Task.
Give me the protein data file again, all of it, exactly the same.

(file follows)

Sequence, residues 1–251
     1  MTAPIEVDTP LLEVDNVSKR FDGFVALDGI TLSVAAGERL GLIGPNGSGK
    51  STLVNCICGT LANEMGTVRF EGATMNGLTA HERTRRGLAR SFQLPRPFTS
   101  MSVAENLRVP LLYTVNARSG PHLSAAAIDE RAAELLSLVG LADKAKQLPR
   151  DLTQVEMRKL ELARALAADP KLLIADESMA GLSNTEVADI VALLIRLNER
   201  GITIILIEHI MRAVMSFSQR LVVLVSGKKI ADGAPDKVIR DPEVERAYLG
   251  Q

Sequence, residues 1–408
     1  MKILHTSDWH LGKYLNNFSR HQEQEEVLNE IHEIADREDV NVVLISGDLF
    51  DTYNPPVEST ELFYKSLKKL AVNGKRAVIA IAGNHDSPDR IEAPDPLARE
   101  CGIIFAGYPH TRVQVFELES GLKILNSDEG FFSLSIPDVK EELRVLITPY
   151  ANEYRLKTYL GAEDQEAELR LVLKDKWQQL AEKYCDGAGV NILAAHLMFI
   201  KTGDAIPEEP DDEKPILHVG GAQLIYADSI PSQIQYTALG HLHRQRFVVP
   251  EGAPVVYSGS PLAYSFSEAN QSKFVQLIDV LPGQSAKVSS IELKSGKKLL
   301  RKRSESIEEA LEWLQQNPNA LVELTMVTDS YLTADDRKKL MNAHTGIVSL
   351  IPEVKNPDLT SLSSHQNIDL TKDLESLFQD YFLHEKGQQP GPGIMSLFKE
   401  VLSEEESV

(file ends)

Sequence, residues 1–251
     1  MTAPIEVDTP LLEVDNVSKR FDGFVALDGI TLSVAAGERL GLIGPNGSGK
    51  STLVNCICGT LANEMGTVRF EGATMNGLTA HERTRRGLAR SFQLPRPFTS
   101  MSVAENLRVP LLYTVNARSG PHLSAAAIDE RAAELLSLVG LADKAKQLPR
   151  DLTQVEMRKL ELARALAADP KLLIADESMA GLSNTEVADI VALLIRLNER
   201  GITIILIEHI MRAVMSFSQR LVVLVSGKKI ADGAPDKVIR DPEVERAYLG
   251  Q

Sequence, residues 1–408
     1  MKILHTSDWH LGKYLNNFSR HQEQEEVLNE IHEIADREDV NVVLISGDLF
    51  DTYNPPVEST ELFYKSLKKL AVNGKRAVIA IAGNHDSPDR IEAPDPLARE
   101  CGIIFAGYPH TRVQVFELES GLKILNSDEG FFSLSIPDVK EELRVLITPY
   151  ANEYRLKTYL GAEDQEAELR LVLKDKWQQL AEKYCDGAGV NILAAHLMFI
   201  KTGDAIPEEP DDEKPILHVG GAQLIYADSI PSQIQYTALG HLHRQRFVVP
   251  EGAPVVYSGS PLAYSFSEAN QSKFVQLIDV LPGQSAKVSS IELKSGKKLL
   301  RKRSESIEEA LEWLQQNPNA LVELTMVTDS YLTADDRKKL MNAHTGIVSL
   351  IPEVKNPDLT SLSSHQNIDL TKDLESLFQD YFLHEKGQQP GPGIMSLFKE
   401  VLSEEESV